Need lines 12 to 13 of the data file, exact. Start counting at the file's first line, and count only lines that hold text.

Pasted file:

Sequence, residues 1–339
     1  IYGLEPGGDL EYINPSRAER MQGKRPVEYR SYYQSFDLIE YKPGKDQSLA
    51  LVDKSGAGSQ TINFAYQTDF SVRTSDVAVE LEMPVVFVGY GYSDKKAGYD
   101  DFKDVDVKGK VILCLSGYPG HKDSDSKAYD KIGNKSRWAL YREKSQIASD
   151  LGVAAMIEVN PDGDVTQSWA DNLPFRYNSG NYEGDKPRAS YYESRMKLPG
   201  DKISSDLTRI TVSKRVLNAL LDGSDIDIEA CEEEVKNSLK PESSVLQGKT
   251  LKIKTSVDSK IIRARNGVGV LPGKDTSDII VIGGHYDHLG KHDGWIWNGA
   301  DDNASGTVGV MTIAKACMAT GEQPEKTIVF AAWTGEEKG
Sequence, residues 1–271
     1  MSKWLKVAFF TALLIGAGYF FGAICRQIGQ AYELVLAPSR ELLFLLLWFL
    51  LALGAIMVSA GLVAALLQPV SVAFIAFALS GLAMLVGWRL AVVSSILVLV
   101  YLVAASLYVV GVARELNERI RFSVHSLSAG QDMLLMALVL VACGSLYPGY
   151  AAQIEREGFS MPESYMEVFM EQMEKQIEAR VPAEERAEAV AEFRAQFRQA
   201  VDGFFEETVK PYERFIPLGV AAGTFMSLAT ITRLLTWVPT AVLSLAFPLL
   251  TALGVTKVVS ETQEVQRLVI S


   101  YLVAASLYVV GVARELNERI RFSVHSLSAG QDMLLMALVL VACGSLYPGY
   151  AAQIEREGFS MPESYMEVFM EQMEKQIEAR VPAEERAEAV AEFRAQFRQA